Chad: Nation Divided Over Hissène Habré Trial
20 July 2012, Radio Netherlands Worldwide
N'djaména — The International Criminal Court is expected to issue a statement on Friday on the extradition of Hissène Habré to Belgium.
The former Chadian dictator, who has spent over 20 years been in exile in Senegal, will finally face justice. The new Senegalese president, Macky Sall, has indicated his country's readiness to host the trial.
Back in Chad, former victims are growing impatient.
"I spent four years in jail under Habré's dictatorship. I used to sleep on the bare floor and was sick for six months during which I never received any medical care. As a professional gravedigger, I dug the graves of hundreds of prisoners who died in atrocious circumstances," recounts Clément Abaïfouta. The president of the Association of the Victims of Hissène Habré always gets emotional when he recalls the reign of N'Djamena's strong man.
Twenty years later, Clément is still resentful towards his former oppressor. "Very few families in Chad can actually claim that they have not been victims, even indirectly, of Habré's repression. The youth must know exactly what happened. Only then will we be able to achieve true reconciliation."
With the rise of Macky Sall to power in Senegal, the victims of the former Chadian leader could hope for justice to finally take its course, as the new Senegalese president declared his intention to hold Hissène Habré's trial on Senegalese soil, "in Africa." Another twist, that comes as no surprise to most Chadians, in the politico-legal trial that started more than twelve years ago.
In the Chadian capital, the Habré case is usually avoided in conversations. The former dictator is charged with thousands of political assassinations and the systematic use of torture during his reign, from 1982 to 1990, before going into exile in Senegal. There are still remnants of the old regime in the close circle and government of his successor, Idriss Déby Itno. Déby served as former Secretary General at the Presidency, former minister of finance and former minister of communication. It is therefore risky to mention the case with too much zeal.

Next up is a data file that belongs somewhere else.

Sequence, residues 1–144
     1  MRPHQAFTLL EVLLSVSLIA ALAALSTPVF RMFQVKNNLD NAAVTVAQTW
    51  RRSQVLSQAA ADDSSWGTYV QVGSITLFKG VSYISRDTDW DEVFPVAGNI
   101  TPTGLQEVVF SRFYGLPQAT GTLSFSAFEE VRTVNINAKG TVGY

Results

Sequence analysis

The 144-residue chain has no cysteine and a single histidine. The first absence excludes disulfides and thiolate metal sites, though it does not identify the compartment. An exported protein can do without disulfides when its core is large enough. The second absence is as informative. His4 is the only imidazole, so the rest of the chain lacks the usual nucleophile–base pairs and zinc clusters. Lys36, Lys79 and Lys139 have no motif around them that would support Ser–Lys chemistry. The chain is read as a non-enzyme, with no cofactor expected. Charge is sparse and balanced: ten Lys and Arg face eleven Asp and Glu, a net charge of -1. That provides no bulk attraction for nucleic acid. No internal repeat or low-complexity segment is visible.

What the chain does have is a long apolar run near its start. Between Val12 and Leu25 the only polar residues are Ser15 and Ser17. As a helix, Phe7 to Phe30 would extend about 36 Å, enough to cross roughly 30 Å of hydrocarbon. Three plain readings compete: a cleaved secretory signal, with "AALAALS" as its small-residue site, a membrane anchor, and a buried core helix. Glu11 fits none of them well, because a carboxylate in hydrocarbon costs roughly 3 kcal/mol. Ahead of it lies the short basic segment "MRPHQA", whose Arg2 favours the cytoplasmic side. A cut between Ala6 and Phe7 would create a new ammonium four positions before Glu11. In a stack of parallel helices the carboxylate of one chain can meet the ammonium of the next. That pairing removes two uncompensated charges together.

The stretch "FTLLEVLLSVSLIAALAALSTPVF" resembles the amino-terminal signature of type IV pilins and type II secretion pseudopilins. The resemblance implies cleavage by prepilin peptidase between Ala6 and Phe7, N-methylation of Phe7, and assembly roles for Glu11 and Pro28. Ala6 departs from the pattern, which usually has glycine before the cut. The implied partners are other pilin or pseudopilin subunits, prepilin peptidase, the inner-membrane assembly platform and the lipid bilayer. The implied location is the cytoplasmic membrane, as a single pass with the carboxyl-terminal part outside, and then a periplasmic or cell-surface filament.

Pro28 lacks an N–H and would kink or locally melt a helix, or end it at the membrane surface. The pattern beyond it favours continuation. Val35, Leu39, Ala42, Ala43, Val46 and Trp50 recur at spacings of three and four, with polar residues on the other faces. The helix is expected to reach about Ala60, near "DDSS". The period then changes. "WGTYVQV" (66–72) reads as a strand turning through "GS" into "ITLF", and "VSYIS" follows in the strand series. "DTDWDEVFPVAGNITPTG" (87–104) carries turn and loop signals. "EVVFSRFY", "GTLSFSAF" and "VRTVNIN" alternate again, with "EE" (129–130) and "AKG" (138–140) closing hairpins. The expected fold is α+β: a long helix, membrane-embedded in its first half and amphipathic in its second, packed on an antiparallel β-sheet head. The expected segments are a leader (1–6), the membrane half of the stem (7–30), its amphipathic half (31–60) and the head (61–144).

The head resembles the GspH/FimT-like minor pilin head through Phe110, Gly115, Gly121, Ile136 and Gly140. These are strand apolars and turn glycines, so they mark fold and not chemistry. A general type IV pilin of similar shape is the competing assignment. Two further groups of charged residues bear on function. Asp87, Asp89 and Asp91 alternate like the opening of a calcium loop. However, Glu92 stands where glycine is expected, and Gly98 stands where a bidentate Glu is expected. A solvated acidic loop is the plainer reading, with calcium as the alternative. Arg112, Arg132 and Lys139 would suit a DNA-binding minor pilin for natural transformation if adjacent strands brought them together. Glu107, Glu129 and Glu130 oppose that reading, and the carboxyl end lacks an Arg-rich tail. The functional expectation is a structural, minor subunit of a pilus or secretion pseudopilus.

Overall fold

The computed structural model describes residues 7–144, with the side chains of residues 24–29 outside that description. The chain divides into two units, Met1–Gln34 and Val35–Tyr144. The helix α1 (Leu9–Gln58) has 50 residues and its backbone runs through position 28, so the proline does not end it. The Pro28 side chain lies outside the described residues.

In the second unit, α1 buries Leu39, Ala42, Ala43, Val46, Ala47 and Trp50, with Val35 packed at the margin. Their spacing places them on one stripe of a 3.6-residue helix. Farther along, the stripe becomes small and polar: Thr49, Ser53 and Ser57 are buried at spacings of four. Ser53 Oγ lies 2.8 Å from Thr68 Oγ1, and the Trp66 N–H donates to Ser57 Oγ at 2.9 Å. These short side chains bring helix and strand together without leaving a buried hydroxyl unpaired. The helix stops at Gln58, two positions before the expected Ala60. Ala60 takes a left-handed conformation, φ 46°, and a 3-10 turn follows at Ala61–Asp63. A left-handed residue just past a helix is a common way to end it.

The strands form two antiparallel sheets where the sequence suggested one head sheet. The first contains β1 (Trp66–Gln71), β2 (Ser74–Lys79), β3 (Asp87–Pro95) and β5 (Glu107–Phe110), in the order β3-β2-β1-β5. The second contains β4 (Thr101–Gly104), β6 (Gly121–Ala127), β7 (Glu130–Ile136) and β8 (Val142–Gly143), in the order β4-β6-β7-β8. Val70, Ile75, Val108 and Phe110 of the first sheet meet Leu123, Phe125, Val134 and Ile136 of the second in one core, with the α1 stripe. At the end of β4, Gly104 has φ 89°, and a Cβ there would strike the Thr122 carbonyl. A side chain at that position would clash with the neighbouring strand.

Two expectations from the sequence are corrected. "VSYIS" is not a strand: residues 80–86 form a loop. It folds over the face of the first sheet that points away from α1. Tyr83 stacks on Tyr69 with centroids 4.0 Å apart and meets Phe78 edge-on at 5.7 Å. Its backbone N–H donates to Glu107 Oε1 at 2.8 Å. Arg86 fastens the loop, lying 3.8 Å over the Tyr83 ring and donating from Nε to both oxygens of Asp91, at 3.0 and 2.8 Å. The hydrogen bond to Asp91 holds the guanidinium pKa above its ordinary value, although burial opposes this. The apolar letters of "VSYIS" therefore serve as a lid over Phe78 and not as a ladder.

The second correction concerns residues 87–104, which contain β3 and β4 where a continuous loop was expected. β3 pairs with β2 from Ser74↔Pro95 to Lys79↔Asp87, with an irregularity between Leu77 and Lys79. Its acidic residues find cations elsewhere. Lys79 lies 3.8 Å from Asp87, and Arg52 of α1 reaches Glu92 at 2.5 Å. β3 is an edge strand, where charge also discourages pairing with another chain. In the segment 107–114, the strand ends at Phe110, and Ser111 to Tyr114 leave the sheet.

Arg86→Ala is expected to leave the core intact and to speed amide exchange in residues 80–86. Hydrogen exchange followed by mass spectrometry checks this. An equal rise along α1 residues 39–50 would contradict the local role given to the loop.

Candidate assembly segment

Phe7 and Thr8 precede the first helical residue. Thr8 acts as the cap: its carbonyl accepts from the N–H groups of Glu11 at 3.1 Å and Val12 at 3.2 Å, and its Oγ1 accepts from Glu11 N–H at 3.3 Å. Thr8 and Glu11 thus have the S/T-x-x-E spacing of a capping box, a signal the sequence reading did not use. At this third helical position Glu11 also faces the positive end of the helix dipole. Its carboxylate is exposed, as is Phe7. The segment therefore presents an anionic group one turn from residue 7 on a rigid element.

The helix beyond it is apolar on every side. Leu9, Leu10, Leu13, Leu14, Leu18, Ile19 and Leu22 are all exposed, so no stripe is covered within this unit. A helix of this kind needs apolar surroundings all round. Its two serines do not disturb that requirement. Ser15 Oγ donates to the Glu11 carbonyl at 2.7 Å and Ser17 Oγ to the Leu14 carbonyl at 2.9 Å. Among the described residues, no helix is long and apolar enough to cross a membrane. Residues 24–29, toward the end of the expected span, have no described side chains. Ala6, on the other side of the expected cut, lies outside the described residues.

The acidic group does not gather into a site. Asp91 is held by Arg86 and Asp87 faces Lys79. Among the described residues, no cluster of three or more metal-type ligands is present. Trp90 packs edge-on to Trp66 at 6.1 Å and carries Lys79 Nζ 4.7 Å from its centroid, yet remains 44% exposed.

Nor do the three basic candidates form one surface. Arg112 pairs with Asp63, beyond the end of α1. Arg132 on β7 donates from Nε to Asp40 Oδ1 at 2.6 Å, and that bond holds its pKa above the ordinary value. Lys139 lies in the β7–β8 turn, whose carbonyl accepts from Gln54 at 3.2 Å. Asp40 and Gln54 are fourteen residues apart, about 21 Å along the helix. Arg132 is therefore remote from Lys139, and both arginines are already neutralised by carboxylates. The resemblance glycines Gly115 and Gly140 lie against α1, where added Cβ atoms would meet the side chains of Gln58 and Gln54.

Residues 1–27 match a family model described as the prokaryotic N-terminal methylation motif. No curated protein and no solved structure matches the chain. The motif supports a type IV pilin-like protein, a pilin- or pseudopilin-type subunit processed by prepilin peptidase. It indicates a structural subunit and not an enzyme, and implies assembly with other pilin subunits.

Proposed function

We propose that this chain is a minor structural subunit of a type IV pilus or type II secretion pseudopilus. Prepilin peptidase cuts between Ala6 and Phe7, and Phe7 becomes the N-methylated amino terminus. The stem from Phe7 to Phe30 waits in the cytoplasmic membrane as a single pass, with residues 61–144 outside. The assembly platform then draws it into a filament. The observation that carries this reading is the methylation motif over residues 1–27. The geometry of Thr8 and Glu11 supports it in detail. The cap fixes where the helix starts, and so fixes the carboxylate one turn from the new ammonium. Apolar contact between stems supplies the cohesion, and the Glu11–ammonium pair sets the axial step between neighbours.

But a few people have taken the risk. Various newspapers have accused the new Senegalese leader of stalling. "Macky Sall in Wade's dirty footsteps" the weekly newspaper, L'Union, titled in its edition of 3 July. In fact, many believe that Macky Sall emulate his predecessor, who promised to try Habré and never delivered after 12 years in power.
"Once again, there is deception in the air in the land of the Téranga," he says sarcastically. A view that is shared by most N'Djamena residents including Abakar, a taxi driver. "It's a story that is brought up regularly but always ends up dying off. Frankly, if he has to face justice then so should President Déby. He was part of his government and therefore he is also, to some extent, responsible for the crimes president Habré is accused of."
The taxi driver adds: "President Habré is very old already; he will die soon. It's not such a big deal, even if he remains a free man."
Trial in Africa?
One of the next challenges, should there be a trail, will be deciding where Hissène Habré will be tried. In N'Djamena, like in many other African capitals, international tribunals do not always have a good reputation. And Macky Sall's decision not to hand over the former Chadian dictator to Belgian justice - who demanded his extradition based on complaints lodged by Chadian victims - has been welcomed by many.
"Macky Sall took a decision that honours the African continent. We cannot, fifty years after independence, continue to try our leaders in Europe," rejoices André, a student at the N'Djamena University.
Jaqueline Moudeïna, one of the lawyers for representing the victims, agrees: "It's great that it takes place on our continent. It's a decision that honours Senegal." However, practically, he raises some concerns over the trial taking place in the land of the Téranga.
"The Belgian examining magistrate already took five years to complete his investigations. If it has to be redone from scratch, I fear it might be an additional problem." Yet, "the victims have been seeking justice for 12 years" and are growing impatient.